Thursday, July 24, 2008

Summer Reading and a PSA

One of the things I love most about summer is having the time to read what I want to read.

During the school year, I have a great deal of reading to do for the lit. classes that I teach, and while I love those classics, I like being able to choose based on whim, rather than sequence.

After school was out in May, I began devouring books, and while I've slowed down a bit, (simply because there are school and other obligations creeping into the summer), I'm still happily reading, reading, reading.

We're blessed with a wonderful library system in Ann Arbor, and while you might have to wait a while for a book (my record was waiting five months for a copy of The Historian by Elizabeth Kostova), you can usually get what you want.

For those in the U.S. with much smaller libraries, keep in mind that most states have wonderful interlibrary loan systems.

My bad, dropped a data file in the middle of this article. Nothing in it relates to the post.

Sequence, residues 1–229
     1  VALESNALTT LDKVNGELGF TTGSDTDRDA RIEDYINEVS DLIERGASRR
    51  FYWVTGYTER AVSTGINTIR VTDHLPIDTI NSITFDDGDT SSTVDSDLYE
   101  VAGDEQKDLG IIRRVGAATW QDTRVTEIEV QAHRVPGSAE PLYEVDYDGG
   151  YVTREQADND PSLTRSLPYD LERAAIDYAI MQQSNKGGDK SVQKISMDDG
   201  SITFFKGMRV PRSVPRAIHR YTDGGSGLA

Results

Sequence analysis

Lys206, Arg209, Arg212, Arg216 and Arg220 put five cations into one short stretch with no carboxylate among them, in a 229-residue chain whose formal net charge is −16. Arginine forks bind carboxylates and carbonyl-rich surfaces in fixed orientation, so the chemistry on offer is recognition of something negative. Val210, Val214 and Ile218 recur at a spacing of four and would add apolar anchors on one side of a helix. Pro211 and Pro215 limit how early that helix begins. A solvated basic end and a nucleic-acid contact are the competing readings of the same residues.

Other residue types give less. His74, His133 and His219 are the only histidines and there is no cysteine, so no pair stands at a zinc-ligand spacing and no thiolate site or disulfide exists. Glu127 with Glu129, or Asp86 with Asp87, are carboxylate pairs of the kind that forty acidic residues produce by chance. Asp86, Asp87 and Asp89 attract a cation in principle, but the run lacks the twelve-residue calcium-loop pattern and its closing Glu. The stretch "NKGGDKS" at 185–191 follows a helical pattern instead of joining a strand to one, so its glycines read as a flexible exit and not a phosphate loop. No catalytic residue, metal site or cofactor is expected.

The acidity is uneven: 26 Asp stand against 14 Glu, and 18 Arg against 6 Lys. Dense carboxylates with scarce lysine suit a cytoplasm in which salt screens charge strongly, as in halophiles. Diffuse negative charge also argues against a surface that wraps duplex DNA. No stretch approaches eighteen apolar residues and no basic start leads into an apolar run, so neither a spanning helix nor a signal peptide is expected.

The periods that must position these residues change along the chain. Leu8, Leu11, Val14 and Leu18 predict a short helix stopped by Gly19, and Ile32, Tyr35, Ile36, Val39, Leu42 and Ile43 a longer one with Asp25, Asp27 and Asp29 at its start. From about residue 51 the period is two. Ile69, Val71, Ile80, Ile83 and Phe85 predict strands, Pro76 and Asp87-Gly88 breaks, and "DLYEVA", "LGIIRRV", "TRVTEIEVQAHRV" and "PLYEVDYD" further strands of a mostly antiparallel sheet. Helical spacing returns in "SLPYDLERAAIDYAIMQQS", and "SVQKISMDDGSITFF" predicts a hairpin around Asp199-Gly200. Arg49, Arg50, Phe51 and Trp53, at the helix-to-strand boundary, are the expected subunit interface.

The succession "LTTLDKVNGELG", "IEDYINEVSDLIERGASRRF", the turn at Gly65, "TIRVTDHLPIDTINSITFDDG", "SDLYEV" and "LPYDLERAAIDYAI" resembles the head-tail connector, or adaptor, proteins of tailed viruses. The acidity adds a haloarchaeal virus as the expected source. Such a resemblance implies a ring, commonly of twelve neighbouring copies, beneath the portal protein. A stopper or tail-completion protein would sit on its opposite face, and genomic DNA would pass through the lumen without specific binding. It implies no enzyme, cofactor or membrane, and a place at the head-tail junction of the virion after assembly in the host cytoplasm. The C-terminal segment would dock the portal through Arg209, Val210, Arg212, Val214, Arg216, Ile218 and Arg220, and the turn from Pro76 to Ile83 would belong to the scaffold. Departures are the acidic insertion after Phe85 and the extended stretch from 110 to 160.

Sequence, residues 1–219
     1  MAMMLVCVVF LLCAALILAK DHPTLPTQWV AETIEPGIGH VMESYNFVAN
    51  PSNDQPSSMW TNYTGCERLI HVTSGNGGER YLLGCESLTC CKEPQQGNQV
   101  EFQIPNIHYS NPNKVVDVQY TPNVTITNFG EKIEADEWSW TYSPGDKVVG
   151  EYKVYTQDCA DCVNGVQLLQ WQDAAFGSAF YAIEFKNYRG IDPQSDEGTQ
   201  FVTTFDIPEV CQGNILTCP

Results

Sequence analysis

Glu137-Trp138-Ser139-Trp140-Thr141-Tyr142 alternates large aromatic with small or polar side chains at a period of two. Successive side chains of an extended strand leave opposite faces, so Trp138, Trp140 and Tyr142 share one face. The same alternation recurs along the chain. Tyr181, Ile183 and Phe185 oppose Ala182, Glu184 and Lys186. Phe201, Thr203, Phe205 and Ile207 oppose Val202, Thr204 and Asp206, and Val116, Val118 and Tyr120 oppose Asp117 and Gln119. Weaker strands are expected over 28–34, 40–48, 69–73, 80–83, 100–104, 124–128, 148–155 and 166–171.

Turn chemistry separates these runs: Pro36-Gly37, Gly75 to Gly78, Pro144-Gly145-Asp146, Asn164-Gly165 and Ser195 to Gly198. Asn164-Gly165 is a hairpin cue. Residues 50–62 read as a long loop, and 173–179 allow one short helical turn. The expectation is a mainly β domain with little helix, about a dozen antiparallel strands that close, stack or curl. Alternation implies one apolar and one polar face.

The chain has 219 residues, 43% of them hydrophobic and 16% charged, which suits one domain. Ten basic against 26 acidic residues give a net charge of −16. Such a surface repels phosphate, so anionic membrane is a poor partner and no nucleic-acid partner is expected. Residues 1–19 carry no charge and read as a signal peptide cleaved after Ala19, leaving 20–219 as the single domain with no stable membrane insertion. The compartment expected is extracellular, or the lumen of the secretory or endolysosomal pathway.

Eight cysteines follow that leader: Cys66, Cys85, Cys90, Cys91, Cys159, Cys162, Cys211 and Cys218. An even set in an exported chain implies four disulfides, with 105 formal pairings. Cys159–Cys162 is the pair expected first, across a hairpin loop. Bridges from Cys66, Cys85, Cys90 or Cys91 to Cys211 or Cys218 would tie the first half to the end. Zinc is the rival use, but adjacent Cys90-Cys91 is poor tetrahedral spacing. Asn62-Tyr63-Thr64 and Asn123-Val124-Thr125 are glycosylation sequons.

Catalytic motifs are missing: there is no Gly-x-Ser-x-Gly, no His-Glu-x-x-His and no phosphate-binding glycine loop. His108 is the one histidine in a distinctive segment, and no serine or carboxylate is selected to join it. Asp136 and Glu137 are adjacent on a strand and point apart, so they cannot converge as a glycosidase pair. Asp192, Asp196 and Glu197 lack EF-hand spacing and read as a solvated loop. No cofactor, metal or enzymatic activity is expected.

Okay, so here are a few of the books I've been reading, with completely subjective reviews:

Lush Life by Richard Price. I found out about this book through a post by Karen Olson on First Offenders. She raved about it, and since I love the books that Karen herself has written (Sacred Cows, Second Hand Smoke, Dead of the Day) I figured this was high praise. As it turns out, it was accurate praise. This is a truly extraordinary book, maybe destined to become a modern classic. It's not easy to read. I don't mean in terms of the prose or plot, both of which are rich and complex but not dense, but it's hard emotionally. The story concerns a murder in a section of the Lower East Side of Manhattan, which is currently populated by a mix of various low-income groups, some recent immigrants, some not, and the kind of up-and-coming, young artist-types that are portrayed in Rent. The themes are huge - life, family, redemption, stepping up and survival. The book doesn't feel in the least bit heavy handed. The beginning sections are a bit slow going, but once the police team of Matty Clark and Yolonda Hernandez come into the picture, the entire novel pops, and sucks you in through the last pages. If you can handle raw, harsh (but beautifully-written) material, this one's for you. Amazing.